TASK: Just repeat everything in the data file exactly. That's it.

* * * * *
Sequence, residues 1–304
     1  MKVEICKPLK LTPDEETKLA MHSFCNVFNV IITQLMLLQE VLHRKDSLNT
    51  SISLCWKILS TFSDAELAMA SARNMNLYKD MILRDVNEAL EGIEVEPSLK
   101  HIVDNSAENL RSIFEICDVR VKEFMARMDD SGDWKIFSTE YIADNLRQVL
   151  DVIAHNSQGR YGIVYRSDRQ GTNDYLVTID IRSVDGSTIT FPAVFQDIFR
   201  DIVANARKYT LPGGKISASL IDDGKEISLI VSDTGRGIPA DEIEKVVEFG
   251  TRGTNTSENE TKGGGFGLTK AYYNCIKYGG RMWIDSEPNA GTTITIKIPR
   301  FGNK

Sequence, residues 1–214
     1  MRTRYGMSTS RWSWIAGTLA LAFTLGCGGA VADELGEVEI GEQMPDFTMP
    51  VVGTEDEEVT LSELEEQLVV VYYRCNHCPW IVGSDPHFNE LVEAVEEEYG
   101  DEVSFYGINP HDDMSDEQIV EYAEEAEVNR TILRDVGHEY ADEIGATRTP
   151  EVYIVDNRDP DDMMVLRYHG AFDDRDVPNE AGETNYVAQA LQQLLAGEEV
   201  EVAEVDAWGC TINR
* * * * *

Sequence, residues 1–304
     1  MKVEICKPLK LTPDEETKLA MHSFCNVFNV IITQLMLLQE VLHRKDSLNT
    51  SISLCWKILS TFSDAELAMA SARNMNLYKD MILRDVNEAL EGIEVEPSLK
   101  HIVDNSAENL RSIFEICDVR VKEFMARMDD SGDWKIFSTE YIADNLRQVL
   151  DVIAHNSQGR YGIVYRSDRQ GTNDYLVTID IRSVDGSTIT FPAVFQDIFR
   201  DIVANARKYT LPGGKISASL IDDGKEISLI VSDTGRGIPA DEIEKVVEFG
   251  TRGTNTSENE TKGGGFGLTK AYYNCIKYGG RMWIDSEPNA GTTITIKIPR
   301  FGNK

Sequence, residues 1–214
     1  MRTRYGMSTS RWSWIAGTLA LAFTLGCGGA VADELGEVEI GEQMPDFTMP
    51  VVGTEDEEVT LSELEEQLVV VYYRCNHCPW IVGSDPHFNE LVEAVEEEYG
   101  DEVSFYGINP HDDMSDEQIV EYAEEAEVNR TILRDVGHEY ADEIGATRTP
   151  EVYIVDNRDP DDMMVLRYHG AFDDRDVPNE AGETNYVAQA LQQLLAGEEV
   201  EVAEVDAWGC TINR